Sid Lowe and Graham Hunter talk El Clásico at the London Sports Writers Festival, Lord’s 2013.
Image by marcpuig
Lord’s Cricket Ground, July 2013. Day 4. At close of play, England have crushed Australia by 347 runs. The 2nd Test is won – it’s quite literally, a whitewash. By August, England have won the series, another chapter in one of the most bitterly contested, high profile rivalries in sporting history – the Ashes; all 131 years of it.
It was English cricketer, Jim Laker, who said, “The aim of English cricket is, in fact, mainly to beat Australia.” In this anatomy of rivalry, a side becomes great when facing its most worthy of opponents – without the other, an essential part of its identity, its raison d’être, might shift; dilute; weaken.
‘If Barcelona didn’t exist, Real Madrid would have to invent them,” once famously remarked Florentino Perez, current President of Real Madrid FC.
Fast forward to October 2013 and the London Sports Writers Festival. Once more the backdrop is Lord’s, this time it’s to discuss another great world sporting rivalry, perhaps the greatest in world football: Barcelona v Real Madrid or ‘El Clásico’ as we know it.Our commentators for the evening are Sid Lowe and Graham Hunter – both well established and respected writers on the Spanish game and of course, this fixture. Hunter is the author of 2012’s award winning, ‘Barça: The Making of the Greatest Team in the World,’ whilst just prior to the October event, Sid Lowe had published ‘Fear and Loathing in La Liga’ to wide acclaim – a work which Hunter describes as, “the definitive book on El Clásico,” its author, a “genius.”
When it comes to this particular fixture, “simply beating the other side is not enough,” remarks Hunter. This, a game that is never just about football, where Barça are “more than a club” according to their historic slogan – a rivalry captivating a country famed for that bloodiest of duels; the bullfight.
This is the fixture that has provided us with some of the most sublime football ever played by some of the greatest players to ever wear a football shirt. Kubala. Raul. Zidane. Cruyff. Guardiola. Hierro. Di Stefano. Roberto Carlos. Ronaldhino. Romario. Puskas. Ronaldo. Messi. Maradona. Iniesta. Beckham. Figo. Stoichkov. I could go on. And on. For lovers of football the El Clásico roll call is breathtaking.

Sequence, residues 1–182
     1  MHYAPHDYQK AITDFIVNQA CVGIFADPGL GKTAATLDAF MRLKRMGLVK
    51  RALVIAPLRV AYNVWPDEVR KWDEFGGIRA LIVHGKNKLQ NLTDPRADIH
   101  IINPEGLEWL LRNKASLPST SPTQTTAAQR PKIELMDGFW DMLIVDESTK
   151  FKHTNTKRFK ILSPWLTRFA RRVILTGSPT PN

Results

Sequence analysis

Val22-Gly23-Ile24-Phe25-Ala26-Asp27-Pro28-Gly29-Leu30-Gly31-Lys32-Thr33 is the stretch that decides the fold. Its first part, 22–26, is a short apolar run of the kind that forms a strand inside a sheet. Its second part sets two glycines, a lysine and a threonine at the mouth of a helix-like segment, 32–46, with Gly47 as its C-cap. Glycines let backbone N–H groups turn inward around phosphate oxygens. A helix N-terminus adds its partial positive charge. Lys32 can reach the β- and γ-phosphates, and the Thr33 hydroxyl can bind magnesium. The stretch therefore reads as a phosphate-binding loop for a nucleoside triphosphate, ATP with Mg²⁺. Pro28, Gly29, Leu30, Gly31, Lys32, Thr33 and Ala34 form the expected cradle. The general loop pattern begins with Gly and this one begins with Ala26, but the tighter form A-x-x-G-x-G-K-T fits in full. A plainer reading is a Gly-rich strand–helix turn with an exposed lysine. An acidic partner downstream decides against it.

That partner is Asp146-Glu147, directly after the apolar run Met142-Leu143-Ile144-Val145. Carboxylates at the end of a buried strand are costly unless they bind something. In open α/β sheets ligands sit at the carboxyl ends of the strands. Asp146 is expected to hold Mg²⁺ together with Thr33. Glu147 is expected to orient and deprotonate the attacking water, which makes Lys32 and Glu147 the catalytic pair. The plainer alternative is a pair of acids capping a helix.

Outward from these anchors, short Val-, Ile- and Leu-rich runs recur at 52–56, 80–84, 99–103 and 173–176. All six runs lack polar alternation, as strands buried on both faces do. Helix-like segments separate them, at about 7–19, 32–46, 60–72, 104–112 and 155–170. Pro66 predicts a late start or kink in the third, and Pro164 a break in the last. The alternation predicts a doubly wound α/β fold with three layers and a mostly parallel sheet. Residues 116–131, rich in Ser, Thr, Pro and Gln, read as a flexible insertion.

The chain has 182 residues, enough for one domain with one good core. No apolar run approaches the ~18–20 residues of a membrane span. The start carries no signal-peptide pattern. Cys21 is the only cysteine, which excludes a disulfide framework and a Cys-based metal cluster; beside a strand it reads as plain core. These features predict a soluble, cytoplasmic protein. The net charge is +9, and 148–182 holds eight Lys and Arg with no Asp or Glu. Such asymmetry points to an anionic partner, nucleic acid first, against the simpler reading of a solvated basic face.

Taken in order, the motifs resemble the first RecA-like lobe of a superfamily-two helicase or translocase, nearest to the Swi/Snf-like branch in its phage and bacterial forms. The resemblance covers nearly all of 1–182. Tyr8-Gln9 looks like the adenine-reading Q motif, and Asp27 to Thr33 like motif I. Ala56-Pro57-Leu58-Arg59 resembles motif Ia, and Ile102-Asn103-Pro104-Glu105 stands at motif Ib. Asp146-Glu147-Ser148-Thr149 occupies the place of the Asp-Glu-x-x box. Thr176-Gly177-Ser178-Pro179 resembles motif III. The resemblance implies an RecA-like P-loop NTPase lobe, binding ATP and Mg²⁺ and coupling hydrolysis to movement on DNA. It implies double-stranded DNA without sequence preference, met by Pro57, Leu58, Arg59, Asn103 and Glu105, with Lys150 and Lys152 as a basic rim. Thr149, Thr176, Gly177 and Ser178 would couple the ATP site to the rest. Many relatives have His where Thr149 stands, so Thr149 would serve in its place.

Lowe’s ‘Fear and Loathing in La Liga’ is the true story of El Clásico in glorious technicolour and a beautifully written history; not only of this footballing duel, but to a certain extent, of modern Spain.
His book charts the rivalry between the two clubs against the backdrop of the battle of the ‘two Spains’; of two cities; of Catalonia v Castille; Centralism v Federalism; and most crucially; that bloodiest of battles – Fascism v Republicanism, as was manifested in the Spanish Civil War of the mid to late 1930’s. A war that ripped the body of Spain apart, Madrid; its bleeding heart.
Lowe’s book establishes facts and dispels myths; poking at over-simplistic readings of what Real Madrid FC and FC Barcelona are seen to represent in popular history and particularly, I would argue, by football followers outside of Spain. Those of us on the outside should perhaps be aware of over- generalisations about what the two Spanish clubs might now represent. I have a close friend who is a Madridista (a Real Madrid fan), and a true full blooded proud Madrileño (from Madrid) born from a long line of Madrileños and I learnt this lesson first hand. That war ripped Spain and families apart and its resonances are still felt.